Last week, 2.4 million workers applied for unemployment insurance (UI) benefits. This is the 17th week in a row that unemployment claims have been more than twice the worst week of the Great Recession. Of the 2.4 million workers who applied for UI, 1.5 million applied for regular state unemployment insurance (not seasonally adjusted), and 0.9 million applied for Pandemic Unemployment Assistance (PUA).
Many headlines this morning are saying there were 1.3 million UI claims last week, but that’s not the right number to use. For one, it ignores PUA, the federal program for workers who are not eligible for regular UI, like gig workers. It also uses seasonally adjusted data for regular state UI, which is distorted right now because of the way Department of Labor (DOL) does seasonal adjustments.
Before I cover more of the details of today’s UI release, I want to take a moment to note that the across-the-board $600 increase in weekly unemployment benefits is set to expire next week.
Many are talking about the potential work disincentive of the extra $600, since the additional payment means many people have higher income on unemployment insurance than they did in their prior job. The concern about the disincentive effect has been massively overblown. First, it ignores the realities of the labor market for working people, who will be unlikely to turn down a permanent job—particularly in a time of extended high unemployment—for a temporary boost in benefits. Further, there are 14 million more unemployed workers than job openings, meaning millions will remain jobless no matter what they do. Cutting off the $600 cannot incentivize people to get jobs that aren’t there. Even further, many are simply unable to take a job right now no matter how much benefits are cut, because it’s not safe for them or because they have care responsibilities as a result of the coronavirus. Cutting off the $600 will not incentivize them to get jobs, it will just cause hardship.
The millions who will remain jobless after the extra $600 is cut off will have no choice but to drastically cut their spending, causing a sharp decline in their living standards, an increase in poverty, and completely unnecessary suffering. Cutting off the $600 will also exacerbate racial inequality. Black communities are suffering more from this pandemic—both physically and economically—as a result of, and in addition to, systemic racism. Black communities will suffer even more if the $600 expires. And of course, letting the $600 expire won’t just hurt UI recipients and their families, it would hurt millions more. The spending generated by that $600 is supporting over 5 million jobs. That means letting the $600 expire would cost more than 5 million jobs. Figure A shows how many jobs will be lost in each state if the extra $600 is allowed to expire.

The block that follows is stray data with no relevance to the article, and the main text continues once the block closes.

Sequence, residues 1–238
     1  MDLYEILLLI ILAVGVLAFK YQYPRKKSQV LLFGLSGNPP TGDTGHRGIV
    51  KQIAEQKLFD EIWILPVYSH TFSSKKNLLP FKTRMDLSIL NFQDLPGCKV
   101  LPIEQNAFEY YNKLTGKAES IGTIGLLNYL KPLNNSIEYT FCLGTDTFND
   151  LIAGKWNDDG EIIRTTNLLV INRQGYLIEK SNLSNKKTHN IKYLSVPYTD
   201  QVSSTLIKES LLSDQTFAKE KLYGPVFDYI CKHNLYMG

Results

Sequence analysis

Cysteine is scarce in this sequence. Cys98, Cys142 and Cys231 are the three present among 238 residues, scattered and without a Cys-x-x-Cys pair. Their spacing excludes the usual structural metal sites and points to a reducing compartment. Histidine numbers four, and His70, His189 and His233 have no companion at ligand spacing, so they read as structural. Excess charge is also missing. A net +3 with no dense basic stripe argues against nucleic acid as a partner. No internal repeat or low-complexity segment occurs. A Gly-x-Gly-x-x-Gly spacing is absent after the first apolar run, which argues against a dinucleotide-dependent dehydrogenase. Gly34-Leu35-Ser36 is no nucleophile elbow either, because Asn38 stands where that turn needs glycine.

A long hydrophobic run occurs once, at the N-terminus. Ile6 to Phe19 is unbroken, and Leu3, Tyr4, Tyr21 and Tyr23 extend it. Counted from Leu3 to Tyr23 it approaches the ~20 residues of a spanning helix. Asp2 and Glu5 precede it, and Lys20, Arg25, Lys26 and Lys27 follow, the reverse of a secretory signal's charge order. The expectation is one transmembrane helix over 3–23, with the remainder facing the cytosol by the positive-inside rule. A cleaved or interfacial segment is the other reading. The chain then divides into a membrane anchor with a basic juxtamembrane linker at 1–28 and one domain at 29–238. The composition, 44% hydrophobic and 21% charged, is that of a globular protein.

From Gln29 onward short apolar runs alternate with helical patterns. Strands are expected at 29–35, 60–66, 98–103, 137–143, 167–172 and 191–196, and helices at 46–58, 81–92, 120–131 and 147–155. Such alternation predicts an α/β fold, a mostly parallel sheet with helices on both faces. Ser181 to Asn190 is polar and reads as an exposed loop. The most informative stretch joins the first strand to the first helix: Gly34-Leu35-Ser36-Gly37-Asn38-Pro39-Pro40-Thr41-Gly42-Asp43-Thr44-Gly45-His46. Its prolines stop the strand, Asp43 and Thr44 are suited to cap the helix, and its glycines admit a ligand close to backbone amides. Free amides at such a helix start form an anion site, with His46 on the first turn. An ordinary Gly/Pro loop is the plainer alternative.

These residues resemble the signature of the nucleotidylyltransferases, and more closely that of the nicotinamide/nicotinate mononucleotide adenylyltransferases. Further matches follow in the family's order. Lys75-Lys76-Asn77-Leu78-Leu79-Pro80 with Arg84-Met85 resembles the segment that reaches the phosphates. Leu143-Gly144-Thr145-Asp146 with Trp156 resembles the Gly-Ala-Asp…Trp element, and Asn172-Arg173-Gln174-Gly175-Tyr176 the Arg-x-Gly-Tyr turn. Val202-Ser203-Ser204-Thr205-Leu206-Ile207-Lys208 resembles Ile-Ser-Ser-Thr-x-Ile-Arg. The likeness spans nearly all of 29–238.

If policymakers really are worried about the disincentive effect of the extra $600, they should address that issue in another way—not cut off the additional payment, which is far too important. Instead they could, for example, let people keep some of their UI when they go back to work. And Congress needs to move fast. If they let the extra payments expire and then reinstate them, it will be an unnecessary administrative nightmare for state agencies, and recipients will face a lapse in benefits of two to four weeks (even if benefits are reinstated right away).
Figure B shows continuing claims in all programs over time (the latest data are for June 27). Continuing claims are more than 30 million above where they were a year ago. The latest figure in “other programs” in Figure B is 1.3 million claims. Most of this (0.9 million) is Pandemic Emergency Unemployment Compensation (PEUC). PEUC is the additional 13 weeks of benefits provided by the CARES Act for people who have exhausted regular state benefits. The number of people on PEUC can be expected to grow dramatically as the crisis drags on and more of the nearly 17 million people currently on regular state benefits exhaust their regular benefits and move on to PEUC.
“Other programs” in Figure B also includes Short-Time Compensation (STC). The number of workers on STC ticked down in the latest data, after having risen for 14 weeks straight in this crisis. This is not good news. STC is a great program to prevent layoffs where employers reduce work hours rather than lay off workers, and workers get partial UI. However, STC is massively underutilized (there are only 342,666 workers on STC in the latest data, roughly 1% of all people on unemployment benefits). It should be being used more, not less.
Figure B only covers continuing claims through June 27, but Figure C combines the most recent data on both continuing claims and initial claims to get a measure of the total number of people “on” unemployment benefits as of July 11th. DOL numbers indicate that right now, 36.4 million workers are either on unemployment benefits, have been approved and are waiting for benefits, or have applied recently and are waiting to get approved. That is more than one in five workers. But a note of caution: while regular state UI and PUA claims should be completely non-overlapping—that is how DOL has directed state agencies to report them—some states may be misreporting claims, so there may be some double counting. Further, some states may be including some back weeks in their continuing claims.